Even if you are not a film enthusiast, chances are high that you have watched the 2022 Telegu blockbuster RRR. At the very least, you should have heard about it. But this piece is neither about that "Naatu Naatu" movie nor films in general. However, it will make use of the title of S S Rajamouli's flick to write about another activity–reading. An oft-ignored trivia is that reading is not a single R activity. Reading should be understood as an amalgamation of RRR–reading, reflection, and re-reading–where the first acts as the umbrella term for all three.
A case can be made about how reading without reflection–and ideally re-reading to ruminate on that reflection–does not do much about intellectual growth. In this case, readers get caught up in the numbers game. The goal becomes reading, and just reading, more and more words, which in turn nudges readers towards short and shorter pieces. Not a surprising thing given that the current entertainment landscape is dominated by reels, tiktoks, tweets, and flash fictions. These bite-sized materials make for tasty treats that can be swallowed in large numbers. But it is not exactly good for your body if you keep on swallowing stuff like a gluttonous gargoyle, right? You need time to digest. After reading, reflection is essential to squeeze out the nutrition from the text you are munching on. Reflection allows you to make your reading useful in more ways than simply swallowing words and being mentally obese.
We have all encountered people who continuously preach about books that have blown them away. If someone is blown away by a book, you would want to know what exactly they have found fascinating about the said book. How many times has this happened that when you ask them, as to why they love a certain book, they try to justify their "blown" mind by saying how the book is zush, josh, joss, or my personal favorite–jussssssssssss! These Rogan Josh-esque reactions blur any distinctions between books in a brutish manner. What do you think about Paulo Coelho's The Alchemist? It is zush! Why do you like Humayun Ahmed's Nondito Noroke? He writes josh! Why are you blown away by David Copperfield by Charles Dickens? It is because this Dicky guy tells it joss! Any thoughts on Dostoevsky's The Brothers Karamazov? Never heard about it, but is it any jussssssssssss? The economy is in crisis, man! How are these people affording these many S's?
These are the people who would brand anything that they have newly read, as the greatest since their last reading–which they also, unsurprisingly, considered to be the greatest literary achievement of all time! Their obsession with hierarchy does not allow them to understand the beauty/merit of anything unless you attach a placeholder signifier to it. Regarding any book that they have read, they will declare, "It is the best! The best. It is!" First, even literary prizes do not claim that they are awarding it to the 'best book'. The prizes are to acknowledge great works but in no way do they mean that the award-winning books are the G.O.A.Ts! Second, and this is just to cue in a Seinfeld reference, how is it possible that whatever you are reading is the best? They cannot all be the best. There cannot be these many bests!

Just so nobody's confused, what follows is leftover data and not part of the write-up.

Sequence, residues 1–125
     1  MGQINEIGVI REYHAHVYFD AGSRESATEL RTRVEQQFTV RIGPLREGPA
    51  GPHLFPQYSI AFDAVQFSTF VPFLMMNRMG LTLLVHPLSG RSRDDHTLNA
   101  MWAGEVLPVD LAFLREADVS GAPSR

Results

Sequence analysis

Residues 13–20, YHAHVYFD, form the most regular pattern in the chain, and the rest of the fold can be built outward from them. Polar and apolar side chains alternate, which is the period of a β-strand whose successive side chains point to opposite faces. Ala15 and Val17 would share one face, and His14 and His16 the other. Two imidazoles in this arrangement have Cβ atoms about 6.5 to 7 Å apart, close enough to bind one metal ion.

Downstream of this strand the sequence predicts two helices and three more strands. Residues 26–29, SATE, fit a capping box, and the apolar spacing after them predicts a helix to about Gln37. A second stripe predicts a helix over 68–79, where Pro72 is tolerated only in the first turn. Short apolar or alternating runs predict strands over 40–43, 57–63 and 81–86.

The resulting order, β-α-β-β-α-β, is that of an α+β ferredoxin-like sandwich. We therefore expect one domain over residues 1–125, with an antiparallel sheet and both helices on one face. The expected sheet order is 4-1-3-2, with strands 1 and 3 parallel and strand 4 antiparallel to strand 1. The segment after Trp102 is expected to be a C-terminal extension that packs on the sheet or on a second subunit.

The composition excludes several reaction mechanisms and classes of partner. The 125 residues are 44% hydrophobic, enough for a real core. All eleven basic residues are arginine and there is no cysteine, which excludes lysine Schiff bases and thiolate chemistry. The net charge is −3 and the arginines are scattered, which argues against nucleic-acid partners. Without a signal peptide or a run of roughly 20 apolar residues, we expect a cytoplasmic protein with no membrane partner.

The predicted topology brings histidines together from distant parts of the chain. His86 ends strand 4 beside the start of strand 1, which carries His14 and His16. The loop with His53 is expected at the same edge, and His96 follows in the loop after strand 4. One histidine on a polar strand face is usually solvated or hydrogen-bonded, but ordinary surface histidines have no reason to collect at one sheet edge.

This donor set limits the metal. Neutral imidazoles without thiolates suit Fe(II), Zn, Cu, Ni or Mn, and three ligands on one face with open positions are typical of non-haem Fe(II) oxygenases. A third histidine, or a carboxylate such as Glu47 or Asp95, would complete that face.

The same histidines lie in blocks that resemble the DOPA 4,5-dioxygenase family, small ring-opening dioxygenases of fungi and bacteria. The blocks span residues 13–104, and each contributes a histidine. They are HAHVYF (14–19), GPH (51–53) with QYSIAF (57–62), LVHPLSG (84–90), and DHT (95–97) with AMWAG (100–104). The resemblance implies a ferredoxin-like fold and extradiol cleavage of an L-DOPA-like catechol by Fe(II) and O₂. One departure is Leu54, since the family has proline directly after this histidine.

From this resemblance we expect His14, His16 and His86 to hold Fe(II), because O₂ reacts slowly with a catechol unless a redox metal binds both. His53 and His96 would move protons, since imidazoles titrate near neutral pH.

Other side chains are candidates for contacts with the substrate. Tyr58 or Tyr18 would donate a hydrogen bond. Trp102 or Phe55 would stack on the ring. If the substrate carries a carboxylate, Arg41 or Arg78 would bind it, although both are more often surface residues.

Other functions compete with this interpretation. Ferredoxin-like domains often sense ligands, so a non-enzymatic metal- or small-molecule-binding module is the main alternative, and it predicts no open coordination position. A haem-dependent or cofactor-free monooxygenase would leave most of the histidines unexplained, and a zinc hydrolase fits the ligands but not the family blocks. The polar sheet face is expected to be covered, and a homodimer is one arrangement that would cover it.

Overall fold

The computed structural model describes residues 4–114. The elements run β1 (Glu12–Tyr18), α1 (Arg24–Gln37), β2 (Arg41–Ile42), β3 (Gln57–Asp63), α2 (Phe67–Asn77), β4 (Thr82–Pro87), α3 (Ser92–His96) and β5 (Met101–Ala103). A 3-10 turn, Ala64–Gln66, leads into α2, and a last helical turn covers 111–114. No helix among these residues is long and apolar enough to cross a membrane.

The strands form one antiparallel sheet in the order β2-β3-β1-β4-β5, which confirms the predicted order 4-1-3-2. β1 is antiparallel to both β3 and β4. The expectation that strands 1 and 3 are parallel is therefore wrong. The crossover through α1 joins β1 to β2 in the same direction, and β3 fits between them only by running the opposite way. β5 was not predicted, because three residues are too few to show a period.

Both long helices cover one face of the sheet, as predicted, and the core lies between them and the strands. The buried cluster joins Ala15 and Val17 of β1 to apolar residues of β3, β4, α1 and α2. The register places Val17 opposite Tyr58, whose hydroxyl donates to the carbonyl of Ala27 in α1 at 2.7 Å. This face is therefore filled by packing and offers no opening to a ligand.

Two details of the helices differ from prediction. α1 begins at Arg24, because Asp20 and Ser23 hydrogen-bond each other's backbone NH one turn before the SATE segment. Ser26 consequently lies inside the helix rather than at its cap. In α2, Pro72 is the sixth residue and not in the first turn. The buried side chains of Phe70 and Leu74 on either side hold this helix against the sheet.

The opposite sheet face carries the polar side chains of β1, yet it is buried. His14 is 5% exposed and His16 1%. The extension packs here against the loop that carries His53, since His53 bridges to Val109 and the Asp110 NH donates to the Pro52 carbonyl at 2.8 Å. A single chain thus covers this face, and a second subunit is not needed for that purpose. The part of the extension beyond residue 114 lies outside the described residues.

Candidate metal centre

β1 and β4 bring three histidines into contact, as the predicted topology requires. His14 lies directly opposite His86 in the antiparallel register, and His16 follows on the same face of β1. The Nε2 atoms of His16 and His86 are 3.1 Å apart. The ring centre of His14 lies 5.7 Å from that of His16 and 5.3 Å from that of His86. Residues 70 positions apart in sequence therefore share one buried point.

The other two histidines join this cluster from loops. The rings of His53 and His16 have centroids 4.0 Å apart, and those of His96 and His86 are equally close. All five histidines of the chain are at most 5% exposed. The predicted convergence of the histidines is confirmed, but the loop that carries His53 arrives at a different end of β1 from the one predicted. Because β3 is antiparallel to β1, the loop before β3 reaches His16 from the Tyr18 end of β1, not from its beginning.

Do not get me wrong now. The argument here is not about reading less. I am in favor of reading more and more. My point here is that readers should try to reflect on anything that they have read. Period. Wondering about the meaning of what is written. Questioning the writer's intent and agency. Contemplating on finding connections between written words and readers' lives. Ask yourself: can I remember the basic content of my readings? Did anything stand out–any interesting information or exciting ways of using language? Was there anything relatable to my life? Could I infer or interpret something to re-use or remix? Thinking anything, really, about the choice of reading. Then, if the need be, re-reading the piece at hand for better conceptualisation and clarity. Now, this might seem like an arduous task. I can hear exasperated readers shouting "Ain't got no time for that!" I can hear myself muttering it as I am penning this piece! It is a valid concern. We are already short-strapped for time as it is. So, why and how do we find time to approach reading as a triple R activity?
The answer to the why has already been answered, I hope. As for how, the solution is pretty basic. The expectation of us reflecting on and re-reading everything is both unrealistic and unsustainable. We cannot RRR everything we read. We chose what reading pieces deserve the triple R treatment. Even then, we probably will not be able to R3 everything that we want to. We might have to settle with R1 (reading) for most, R2 (reading and reflection) for some, and R3 (reading, reflection, and re-reading) for the selected few–the ones that are worthy of our sustained attention. We have to allow ourselves to try and fall short. It is alright. What matters is that we will succeed with some. Then we will have materials that can be retained in our reservoir of knowledge in a way that is nutritious for us. That is how we get any kind of intellectual growth. The next time you read a book, just pause and ponder about the number of R's you need to wonder about what you have read. Trust me. That will pay off. Happy RRReading, folks!
Qazi Arka Rahman is a doctoral candidate at the Department of English, West Virginia University, USA.